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New Year's Day in the United States

New Year's Day falls on January 1 and marks the start of a new year according to the Gregorian calendar. It marks the end of New Year's Eve celebrations in the United States and gives many Americans a chance to remember the previous year.

Aerial view of a large fireworks display over the Chicago.
Aerial view of a large fireworks display over the Chicago.

What Do People Do?

The start of New Year's Day, at midnight, is heralded by fireworks, parties and special events, which are often televised. Very few people have to work on the day itself. For many it is a day of recovery from the New Year's Eve celebrations the previous night. In some towns and cities, parades are held and special football games are played. The birth of the first baby in the New Year is often celebrated with gifts to his or her parents and appearances in local newspapers and on local news shows. Many people make New Year's resolutions. These are usually promises to themselves that they will improve something in their own lives. Common New Year's resolutions are to stop smoking or drinking alcohol, to lose weight, exercise more or to live a healthier lifestyle.

Public Life

Government offices, organizations, schools and many businesses are closed in the USA on New Year's Day. Public transit systems do not run on their regular schedules. Where large public celebrations have been held, traffic may be disrupted by the clean-up operation. In general, public life is completely closed down.


The Gregorian calendar is widely used in many countries such as the United States. This was introduced in 1582 by Pope Gregory XIII. The Julian calendar that had been in use until then was slightly inaccurate, causing the vernal equinox to move backwards in the calendar year. The Gregorian calendar was not accepted everywhere and some churches, particularly with origins in Eastern Europe, still use other calendars. According to the Gregorian calendar, the first day of the year is January 1.


A common symbol of New Year's Day is Baby New Year. This is often a white male baby dressed in a diaper, a hat and a sash. The year he represents is printed on his sash. He rarely a newborn baby, as many pictures show him sitting up or even standing alone. According to mythology, Baby New Year grows up and ages in a single year. At the end of the year he is an old man and hands his role over to the next Baby New Year. Other symbols of New Year's Day are spectacular fireworks exploding over landmarks and clocks striking midnight as the year begins.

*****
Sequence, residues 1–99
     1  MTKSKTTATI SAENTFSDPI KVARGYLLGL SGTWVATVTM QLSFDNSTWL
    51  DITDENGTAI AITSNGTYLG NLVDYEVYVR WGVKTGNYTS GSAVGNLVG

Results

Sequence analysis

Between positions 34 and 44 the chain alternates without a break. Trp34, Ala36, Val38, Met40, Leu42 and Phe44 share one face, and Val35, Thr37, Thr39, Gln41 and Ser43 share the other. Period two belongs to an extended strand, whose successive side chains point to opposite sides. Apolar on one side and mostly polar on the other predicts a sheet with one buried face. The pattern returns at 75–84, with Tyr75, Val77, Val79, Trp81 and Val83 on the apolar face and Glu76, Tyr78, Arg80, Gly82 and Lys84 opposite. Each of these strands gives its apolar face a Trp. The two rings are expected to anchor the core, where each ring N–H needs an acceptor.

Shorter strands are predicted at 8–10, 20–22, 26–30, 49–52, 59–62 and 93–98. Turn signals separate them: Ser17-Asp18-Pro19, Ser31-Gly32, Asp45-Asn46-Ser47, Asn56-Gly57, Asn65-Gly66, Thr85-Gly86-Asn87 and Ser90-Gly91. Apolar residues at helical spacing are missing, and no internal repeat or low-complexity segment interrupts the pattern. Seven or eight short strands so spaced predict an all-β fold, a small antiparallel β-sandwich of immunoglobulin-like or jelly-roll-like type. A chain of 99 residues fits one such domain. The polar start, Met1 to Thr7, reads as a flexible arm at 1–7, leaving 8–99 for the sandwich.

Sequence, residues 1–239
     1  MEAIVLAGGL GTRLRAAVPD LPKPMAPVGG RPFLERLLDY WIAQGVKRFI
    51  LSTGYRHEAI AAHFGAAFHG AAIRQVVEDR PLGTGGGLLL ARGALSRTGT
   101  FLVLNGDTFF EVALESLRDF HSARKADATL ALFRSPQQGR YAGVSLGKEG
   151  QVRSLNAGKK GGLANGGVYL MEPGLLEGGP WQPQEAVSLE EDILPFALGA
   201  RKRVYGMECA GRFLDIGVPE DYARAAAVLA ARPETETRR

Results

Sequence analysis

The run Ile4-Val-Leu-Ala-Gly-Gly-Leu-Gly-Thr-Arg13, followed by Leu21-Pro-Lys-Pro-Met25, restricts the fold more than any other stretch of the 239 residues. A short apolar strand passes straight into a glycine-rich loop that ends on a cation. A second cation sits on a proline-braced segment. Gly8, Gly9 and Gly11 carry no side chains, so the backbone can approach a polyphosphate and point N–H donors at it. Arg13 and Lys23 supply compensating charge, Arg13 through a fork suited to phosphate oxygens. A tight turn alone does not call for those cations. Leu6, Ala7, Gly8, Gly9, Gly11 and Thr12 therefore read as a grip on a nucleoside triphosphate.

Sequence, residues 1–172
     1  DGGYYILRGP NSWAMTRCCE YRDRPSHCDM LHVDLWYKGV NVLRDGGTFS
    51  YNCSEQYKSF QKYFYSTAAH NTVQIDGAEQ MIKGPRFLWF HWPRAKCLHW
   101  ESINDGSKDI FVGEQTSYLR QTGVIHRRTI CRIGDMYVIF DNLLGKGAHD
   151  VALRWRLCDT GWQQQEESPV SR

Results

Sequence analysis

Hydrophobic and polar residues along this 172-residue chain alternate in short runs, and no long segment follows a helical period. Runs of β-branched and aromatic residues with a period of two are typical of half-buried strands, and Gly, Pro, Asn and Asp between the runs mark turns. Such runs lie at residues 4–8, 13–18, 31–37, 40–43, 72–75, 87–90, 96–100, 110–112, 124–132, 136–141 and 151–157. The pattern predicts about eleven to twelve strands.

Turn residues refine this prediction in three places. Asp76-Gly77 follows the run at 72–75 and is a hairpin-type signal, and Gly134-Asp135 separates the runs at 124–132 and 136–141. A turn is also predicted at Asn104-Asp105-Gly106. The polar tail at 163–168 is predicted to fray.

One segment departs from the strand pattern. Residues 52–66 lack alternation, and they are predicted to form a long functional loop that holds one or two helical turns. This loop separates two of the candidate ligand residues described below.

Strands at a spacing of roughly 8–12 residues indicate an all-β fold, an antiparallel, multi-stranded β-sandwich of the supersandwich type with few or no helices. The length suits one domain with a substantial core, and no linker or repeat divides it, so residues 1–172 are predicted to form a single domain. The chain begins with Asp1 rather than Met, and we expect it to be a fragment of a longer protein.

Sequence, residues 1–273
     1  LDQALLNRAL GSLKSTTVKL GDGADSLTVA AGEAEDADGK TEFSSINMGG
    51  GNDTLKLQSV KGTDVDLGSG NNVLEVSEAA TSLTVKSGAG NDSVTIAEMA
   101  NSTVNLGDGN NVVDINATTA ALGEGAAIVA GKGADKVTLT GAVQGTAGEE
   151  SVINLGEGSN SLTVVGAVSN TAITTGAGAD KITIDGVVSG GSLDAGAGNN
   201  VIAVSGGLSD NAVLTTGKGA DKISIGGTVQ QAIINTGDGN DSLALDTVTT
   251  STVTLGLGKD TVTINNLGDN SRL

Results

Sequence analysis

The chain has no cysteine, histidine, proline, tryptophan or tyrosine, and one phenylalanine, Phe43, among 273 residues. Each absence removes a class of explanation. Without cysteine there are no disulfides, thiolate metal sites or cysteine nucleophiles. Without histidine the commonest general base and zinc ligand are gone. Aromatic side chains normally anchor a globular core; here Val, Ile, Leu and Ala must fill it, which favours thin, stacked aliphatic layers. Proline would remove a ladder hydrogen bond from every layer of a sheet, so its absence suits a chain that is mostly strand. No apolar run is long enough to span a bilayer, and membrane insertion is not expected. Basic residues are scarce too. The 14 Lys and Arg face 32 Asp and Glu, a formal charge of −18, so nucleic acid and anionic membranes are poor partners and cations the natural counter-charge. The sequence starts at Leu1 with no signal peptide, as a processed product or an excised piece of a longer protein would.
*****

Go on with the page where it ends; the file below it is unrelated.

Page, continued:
About New Year's Day in other countries

Read more about New Year's Day.

New Year's Day Observances

WeekdayDateYearNameHoliday TypeWhere It is Observed
FriJan 12010New Year's DayFederal Holiday 
FriDec 312010New Year's Day observedFederal Holiday 
SatJan 12011New Year's DayFederal Holiday 
SunJan 12012New Year's DayFederal Holiday 
MonJan 22012New Year's Day observedFederal Holiday 
TueJan 12013New Year's DayFederal Holiday 
WedJan 12014New Year's DayFederal Holiday 
ThuJan 12015New Year's DayFederal Holiday 
FriJan 12016New Year's DayFederal Holiday 
SunJan 12017New Year's DayFederal Holiday 
MonJan 22017New Year's Day observedFederal Holiday 
MonJan 12018New Year's DayFederal Holiday 
TueJan 12019New Year's DayFederal Holiday 
WedJan 12020New Year's DayFederal Holiday 

Quick Facts

New Year's Day is the first day of the Gregorian calendar, which is widely used in many countries such as the USA.

New Year's Day 2018

Monday, January 1, 2018

New Year's Day 2019

Tuesday, January 1, 2019


Name in other languages

New Year's DayEnglish
Día de Año NuevoSpanish
יום השנה החדשהHebrew
رأس السنة الميلاديةArabic
Første nyttårsdagNorwegian

Alternative name


List of dates for other years

Related holiday

  • New Year's Eve – Observed: Monday, January 1, 2018, Monday, December 31, 2018

Other holidays in January 2019 in the United States

Fun Holiday on January 1, 2019

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